One of the more provocative things that Adorno said was:

nach Auschwitz ein Gedicht zu schreiben, ist barbarisch
(After Auschwitz, to write a poem is barbaric, 1951)

The meaning of Adorno's thesis was left open and much debated. It was obvious that the times were extreme and horrible. A good deal of the post-war literature focused on the fact that beauty and happiness and certain forms of creative expression had been pushed almost to the edge of existence.

Adorno then took this one step further and posited that to write poetry was almost a crime, seeing as how the form was intended to represent highly intense emotions and thoughts succinctly, and to do so during times of such pain would just increase the suffering (there are, of course, many other interpretations -- entire books full in fact -- this is just a taste!)

But, was he trying to prevent the other writers of the day from writing poems, was this prohibition (the German word "Verbot" is a good deal stronger than its translation "prohibition")? Or was his thesis merely provocation?

In any case, the decades following the now (in)famous expression saw several conferences with this topic and attendees like Nobel-prize winner Günter Grass. The debate raged on, and in the end, rather than prohibiting anything, the thesis opened an (int)national discussion which most likely helped in healing. Poets wrote about Auschwitz, about life after Auschwitz1, and about the fact that they were writing about life after Auschwitz, just to spite Adorno2.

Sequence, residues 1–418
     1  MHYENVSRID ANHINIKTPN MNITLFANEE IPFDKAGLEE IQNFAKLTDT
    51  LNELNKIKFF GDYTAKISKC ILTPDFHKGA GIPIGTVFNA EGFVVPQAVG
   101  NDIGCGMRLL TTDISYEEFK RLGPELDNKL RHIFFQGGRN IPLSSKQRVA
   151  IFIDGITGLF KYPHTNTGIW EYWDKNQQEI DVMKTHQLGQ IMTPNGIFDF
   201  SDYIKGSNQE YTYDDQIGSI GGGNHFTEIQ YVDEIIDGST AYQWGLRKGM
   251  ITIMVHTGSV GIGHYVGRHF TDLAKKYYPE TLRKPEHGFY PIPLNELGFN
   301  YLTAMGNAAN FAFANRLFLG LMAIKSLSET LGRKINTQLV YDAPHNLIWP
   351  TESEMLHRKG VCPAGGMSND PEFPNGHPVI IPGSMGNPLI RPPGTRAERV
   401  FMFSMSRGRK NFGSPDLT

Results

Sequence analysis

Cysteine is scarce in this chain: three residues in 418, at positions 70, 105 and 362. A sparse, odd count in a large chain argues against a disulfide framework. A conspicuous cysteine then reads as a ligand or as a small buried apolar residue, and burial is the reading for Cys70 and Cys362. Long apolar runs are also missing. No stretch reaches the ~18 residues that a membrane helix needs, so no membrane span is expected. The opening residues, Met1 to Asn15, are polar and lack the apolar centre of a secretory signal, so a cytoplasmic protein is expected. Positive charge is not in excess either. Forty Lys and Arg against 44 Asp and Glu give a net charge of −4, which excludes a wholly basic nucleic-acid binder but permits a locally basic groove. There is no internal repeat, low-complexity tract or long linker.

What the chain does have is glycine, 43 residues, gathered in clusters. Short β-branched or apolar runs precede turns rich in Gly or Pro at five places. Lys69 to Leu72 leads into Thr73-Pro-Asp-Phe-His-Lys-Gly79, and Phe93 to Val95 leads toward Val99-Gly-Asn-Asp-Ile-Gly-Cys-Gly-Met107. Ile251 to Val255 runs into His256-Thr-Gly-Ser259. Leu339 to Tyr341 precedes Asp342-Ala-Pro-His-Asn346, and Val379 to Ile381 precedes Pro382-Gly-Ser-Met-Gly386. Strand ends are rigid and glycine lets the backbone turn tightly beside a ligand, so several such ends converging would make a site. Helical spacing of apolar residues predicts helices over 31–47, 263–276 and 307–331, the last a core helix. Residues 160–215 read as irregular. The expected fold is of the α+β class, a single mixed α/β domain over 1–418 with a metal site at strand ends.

1 An example of a poem agreeing with Adorno: Frage (Question)

  An example of a poem against his thesis: Nach Auschwitz (After Auschwitz)

2 An attack on Adorno: "won wem stammt eigentlich das Zitat 'Nach Auschwitz kann man keinen Adorno mehr lesen?'" (who does the quote come from anyway that "after Auschwitz, one can't read anymore Adorno?") - Peter Rühmkorf

3 "Arbeit macht frei" (Work makes free) was the inscription on every Nazi work camp.

Note: all translations my own